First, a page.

Griggs strongly believes he can put Lashley under pressure unlike any adversary he has faced so far.
“I think that has always been my style to get in there and bang. But obviously we have to change our style up a little bit and not be so offensive because we know what he wants, he wants to take us down. Got to move around on our feet a little bit more. But he hasn't been hit hard yet, he hasn't had the pressure.”
He points to the lack of competition Lashley has faced thus far as an aspect that will allow Griggs to capitalize when he surprises him with a different style of fight than he is used to in his short MMA career.
“When he gets somebody down they just kind of lay and squirm and he just bangs on him. We will see how he does react when he gets popped a few times, if he can hold it together or if he goes ‘oh I don't like that.'"
Griggs was sure to point out that he takes nothing away from Lashley; just that he is looking to be the first to make him work a fight that he is tested in.
“No one has seen it yet. We will have to see once we work him a little bit and see how he responds to it. There is no question that it’s going to be a battle for me. It’s not going to be an easy one, it’s going to be a long hard road. But we are confident we can get through it and find a hole in his armor somewhere.”
Griggs talked about the pressure to perform at all levels of the sport. No one is above the human elements of this game.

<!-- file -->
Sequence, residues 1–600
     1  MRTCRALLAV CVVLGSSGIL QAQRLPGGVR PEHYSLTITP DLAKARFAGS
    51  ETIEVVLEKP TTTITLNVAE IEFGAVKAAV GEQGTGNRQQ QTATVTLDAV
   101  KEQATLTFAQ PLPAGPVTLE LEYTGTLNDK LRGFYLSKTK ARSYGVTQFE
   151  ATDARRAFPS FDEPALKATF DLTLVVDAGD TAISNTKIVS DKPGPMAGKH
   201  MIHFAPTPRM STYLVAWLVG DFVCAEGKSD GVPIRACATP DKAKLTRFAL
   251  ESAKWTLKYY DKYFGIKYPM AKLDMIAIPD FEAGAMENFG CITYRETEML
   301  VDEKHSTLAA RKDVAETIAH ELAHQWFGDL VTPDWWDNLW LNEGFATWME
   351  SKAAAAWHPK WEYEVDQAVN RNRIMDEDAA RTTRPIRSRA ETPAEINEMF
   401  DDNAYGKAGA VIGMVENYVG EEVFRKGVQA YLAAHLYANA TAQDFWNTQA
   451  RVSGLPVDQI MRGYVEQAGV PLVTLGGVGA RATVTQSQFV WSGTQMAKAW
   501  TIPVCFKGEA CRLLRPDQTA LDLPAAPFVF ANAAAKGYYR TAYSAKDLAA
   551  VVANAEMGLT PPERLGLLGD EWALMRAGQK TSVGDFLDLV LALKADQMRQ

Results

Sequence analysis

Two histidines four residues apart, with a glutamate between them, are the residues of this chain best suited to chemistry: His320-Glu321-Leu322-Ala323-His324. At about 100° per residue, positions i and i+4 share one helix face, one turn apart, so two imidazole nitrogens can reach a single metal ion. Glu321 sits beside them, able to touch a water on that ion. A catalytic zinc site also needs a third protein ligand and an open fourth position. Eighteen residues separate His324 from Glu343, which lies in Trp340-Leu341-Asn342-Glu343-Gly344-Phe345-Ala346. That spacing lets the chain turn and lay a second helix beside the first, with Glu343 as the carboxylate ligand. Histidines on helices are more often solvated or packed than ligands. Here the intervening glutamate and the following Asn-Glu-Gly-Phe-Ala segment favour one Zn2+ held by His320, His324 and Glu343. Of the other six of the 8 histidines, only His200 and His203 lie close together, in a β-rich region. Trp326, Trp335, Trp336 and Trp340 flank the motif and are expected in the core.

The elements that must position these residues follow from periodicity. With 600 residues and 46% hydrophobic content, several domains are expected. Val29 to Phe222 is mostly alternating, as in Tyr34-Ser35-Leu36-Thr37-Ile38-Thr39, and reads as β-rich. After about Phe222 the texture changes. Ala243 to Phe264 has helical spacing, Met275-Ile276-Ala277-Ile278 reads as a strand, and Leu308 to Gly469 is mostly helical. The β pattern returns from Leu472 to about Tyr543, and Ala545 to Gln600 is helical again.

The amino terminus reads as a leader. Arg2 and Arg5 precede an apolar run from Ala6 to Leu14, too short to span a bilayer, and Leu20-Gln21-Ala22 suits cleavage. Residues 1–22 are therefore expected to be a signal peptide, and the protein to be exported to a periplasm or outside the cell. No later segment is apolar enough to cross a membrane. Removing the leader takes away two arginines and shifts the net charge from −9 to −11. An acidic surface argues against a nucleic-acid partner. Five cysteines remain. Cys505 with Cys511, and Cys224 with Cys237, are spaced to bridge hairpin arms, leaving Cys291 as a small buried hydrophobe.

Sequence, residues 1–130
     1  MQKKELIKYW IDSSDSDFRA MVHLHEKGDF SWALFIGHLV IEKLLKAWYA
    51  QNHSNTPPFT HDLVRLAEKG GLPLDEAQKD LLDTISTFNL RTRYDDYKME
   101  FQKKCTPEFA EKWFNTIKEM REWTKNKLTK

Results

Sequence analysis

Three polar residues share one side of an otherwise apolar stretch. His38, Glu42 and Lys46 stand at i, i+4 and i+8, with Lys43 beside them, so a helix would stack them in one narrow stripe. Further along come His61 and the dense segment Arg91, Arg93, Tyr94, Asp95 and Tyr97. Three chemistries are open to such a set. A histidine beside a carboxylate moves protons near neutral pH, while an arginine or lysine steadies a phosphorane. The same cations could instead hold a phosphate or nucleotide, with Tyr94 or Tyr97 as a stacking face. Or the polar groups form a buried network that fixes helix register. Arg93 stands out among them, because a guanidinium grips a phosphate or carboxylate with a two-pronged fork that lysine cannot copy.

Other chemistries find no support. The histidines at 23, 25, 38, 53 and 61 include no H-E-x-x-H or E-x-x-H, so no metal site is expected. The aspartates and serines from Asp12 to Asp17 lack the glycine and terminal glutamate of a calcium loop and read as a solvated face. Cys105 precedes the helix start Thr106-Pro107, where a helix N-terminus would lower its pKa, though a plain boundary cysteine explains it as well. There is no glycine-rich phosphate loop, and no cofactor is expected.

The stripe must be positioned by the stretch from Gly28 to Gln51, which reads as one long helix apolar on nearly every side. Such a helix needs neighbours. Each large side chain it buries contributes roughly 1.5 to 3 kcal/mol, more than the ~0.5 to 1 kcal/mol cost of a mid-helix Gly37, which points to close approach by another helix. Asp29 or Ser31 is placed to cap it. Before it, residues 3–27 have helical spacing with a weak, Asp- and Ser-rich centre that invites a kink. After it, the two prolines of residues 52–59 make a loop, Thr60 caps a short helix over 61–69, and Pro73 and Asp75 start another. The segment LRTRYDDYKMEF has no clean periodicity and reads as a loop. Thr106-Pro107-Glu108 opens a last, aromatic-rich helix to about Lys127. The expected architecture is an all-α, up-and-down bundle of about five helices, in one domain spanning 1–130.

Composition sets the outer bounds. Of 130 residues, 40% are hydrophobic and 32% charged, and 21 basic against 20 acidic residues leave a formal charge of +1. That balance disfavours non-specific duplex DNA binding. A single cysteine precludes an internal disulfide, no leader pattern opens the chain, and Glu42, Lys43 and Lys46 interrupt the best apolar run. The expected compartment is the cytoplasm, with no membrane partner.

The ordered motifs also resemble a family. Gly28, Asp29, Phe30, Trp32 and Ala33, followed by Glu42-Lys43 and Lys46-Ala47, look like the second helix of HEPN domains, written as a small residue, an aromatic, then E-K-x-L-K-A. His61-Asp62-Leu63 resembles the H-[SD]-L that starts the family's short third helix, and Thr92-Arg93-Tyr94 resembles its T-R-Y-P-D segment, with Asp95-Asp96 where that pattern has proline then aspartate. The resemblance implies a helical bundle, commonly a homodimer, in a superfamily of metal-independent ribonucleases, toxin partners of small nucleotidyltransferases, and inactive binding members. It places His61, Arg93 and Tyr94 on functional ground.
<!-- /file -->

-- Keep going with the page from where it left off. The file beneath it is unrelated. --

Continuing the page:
“Everybody is nervous, you go in there, I don't care who you are whether you're a big name or you're a nobody, even if it’s a little fight, you’re expected to win.
Griggs added, “Bobby says ‘no I'm good,' he’s got no reason to be nervous. He’s got everything riding on this fight, he’s lying if he says he’s not nervous and doesn't have any worries here. If I go in there and drop him in the first round well that just put a big chink in him fighting Fedor. So he has to be nervous about that.”
Griggs discussed how his career outside the cage as a paramedic and firefighter has helped him mentally prepare for his time spent in the gym and inside the cage.
“You've got to be able to react quickly, and handle things under pressure. So I think that’s going to take a little play in this too. Just to be able to react quickly and think under pressure, try and make things flow, and make things happen.”
His training is done at Joey Rivera’s Apex MMA in Tucson. He talked about a key ingredient to his preparation in his primary training partner.
“I’m down at Apex, love the place, Apex has been great to me. A lot of good guys there. I’ve got Mike Whitehead who has been living in Vegas, but he has come down for the past month to help me train. That has been a huge help, I can’t even explain how much of a help that has been.”